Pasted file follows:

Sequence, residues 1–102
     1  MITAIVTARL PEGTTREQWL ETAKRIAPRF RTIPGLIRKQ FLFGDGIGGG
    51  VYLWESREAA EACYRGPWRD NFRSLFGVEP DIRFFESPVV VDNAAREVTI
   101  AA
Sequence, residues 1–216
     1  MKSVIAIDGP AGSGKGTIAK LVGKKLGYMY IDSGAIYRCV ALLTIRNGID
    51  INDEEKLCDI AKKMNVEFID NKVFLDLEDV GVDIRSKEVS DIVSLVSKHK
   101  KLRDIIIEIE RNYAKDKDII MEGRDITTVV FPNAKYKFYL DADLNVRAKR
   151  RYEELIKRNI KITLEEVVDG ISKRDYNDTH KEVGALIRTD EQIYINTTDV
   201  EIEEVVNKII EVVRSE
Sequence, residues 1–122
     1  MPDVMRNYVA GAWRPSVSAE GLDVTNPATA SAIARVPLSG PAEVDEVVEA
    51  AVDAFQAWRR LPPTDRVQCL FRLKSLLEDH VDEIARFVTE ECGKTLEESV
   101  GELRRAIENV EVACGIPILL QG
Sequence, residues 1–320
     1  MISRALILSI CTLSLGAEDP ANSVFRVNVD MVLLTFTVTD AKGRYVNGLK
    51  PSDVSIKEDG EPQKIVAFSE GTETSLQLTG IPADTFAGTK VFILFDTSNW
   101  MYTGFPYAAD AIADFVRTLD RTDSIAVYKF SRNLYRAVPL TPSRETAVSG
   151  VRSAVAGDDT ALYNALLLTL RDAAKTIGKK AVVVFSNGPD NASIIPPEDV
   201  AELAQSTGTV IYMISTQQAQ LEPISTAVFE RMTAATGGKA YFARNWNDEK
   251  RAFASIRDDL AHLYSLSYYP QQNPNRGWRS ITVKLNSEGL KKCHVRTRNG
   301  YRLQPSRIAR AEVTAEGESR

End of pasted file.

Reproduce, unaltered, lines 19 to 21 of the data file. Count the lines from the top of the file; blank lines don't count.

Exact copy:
   151  VRSAVAGDDT ALYNALLLTL RDAAKTIGKK AVVVFSNGPD NASIIPPEDV
   201  AELAQSTGTV IYMISTQQAQ LEPISTAVFE RMTAATGGKA YFARNWNDEK
   251  RAFASIRDDL AHLYSLSYYP QQNPNRGWRS ITVKLNSEGL KKCHVRTRNG